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Open Access Case Report

A rare association of localized scleroderma type morphea, vitiligo, autoimmune hypothyroidism, pneumonitis, autoimmune thrombocytopenic purpura and central nervous system vasculitis. Case report

Fabio Bonilla-Abadía1*, Evelyn Muñoz-Buitrón23, Carlos D Ochoa1, Edwin Carrascal4 and Carlos A Cañas1

Author Affiliations

1 Rheumatology Unit. Fundación Valle del Lili, ICESI University, Avenida Simón Bolívar Cra.98, No.18-49, Cali, Colombia

2 University of Medical Sciences, La Habana, Cuba

3 Fundación Valle del Lili, Cali, Colombia

4 Pathology Unit. Fundación Valle del Lili, and Faculty of Health Sciences, Universidad del Valle, Cali, Colombia

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BMC Research Notes 2012, 5:689  doi:10.1186/1756-0500-5-689

Published: 20 December 2012

Abstract

Background

The localized scleroderma (LS) known as morphea, presents a variety of clinical manifestations that can include systemic involvement. Current classification schemes divide morphea into categories based solely on cutaneous morphology, without reference to systemic disease or autoimmune phenomena. This classification is likely incomplete. Autoimmune phenomena such as vitiligo and Hashimoto thyroiditis associated with LS have been reported in some cases suggesting an autoimmune basis. To our knowledge this is the first case of a morphea forming part of a multiple autoimmune syndrome (MAS) and presenting simultaneously with autoimmune thrombocytopenic purpura and central nervous system vasculitis.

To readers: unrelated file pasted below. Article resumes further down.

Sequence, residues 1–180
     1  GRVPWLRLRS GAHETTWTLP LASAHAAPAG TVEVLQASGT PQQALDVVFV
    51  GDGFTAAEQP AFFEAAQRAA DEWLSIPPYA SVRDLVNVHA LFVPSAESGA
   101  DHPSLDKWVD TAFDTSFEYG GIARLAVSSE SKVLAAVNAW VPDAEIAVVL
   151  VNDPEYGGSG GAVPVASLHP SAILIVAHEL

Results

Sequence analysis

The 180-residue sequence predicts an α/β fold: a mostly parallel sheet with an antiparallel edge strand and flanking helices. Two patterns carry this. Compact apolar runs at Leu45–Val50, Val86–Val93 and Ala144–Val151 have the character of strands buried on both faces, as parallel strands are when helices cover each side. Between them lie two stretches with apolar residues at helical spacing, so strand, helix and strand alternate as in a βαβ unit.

Case presentation

We report an uncommon case of a white 53 year old female patient with LS as part of a multiple autoimmune syndrome associated with pneumonitis, autoimmune thrombocytopenic purpura and central nervous system vasculitis presenting a favorable response with thrombopoietin receptor agonists, pulses of methylprednisolone and cyclophosphamide.

Conclusion

Is likely that LS have an autoimmune origin and in this case becomes part of MAS, which consist on the presence of three or more well-defined autoimmune diseases in a single patient.

Keywords:
Localized scleroderma; Morphea; Multiple autoimmune syndrome; Central nervous system vasculitis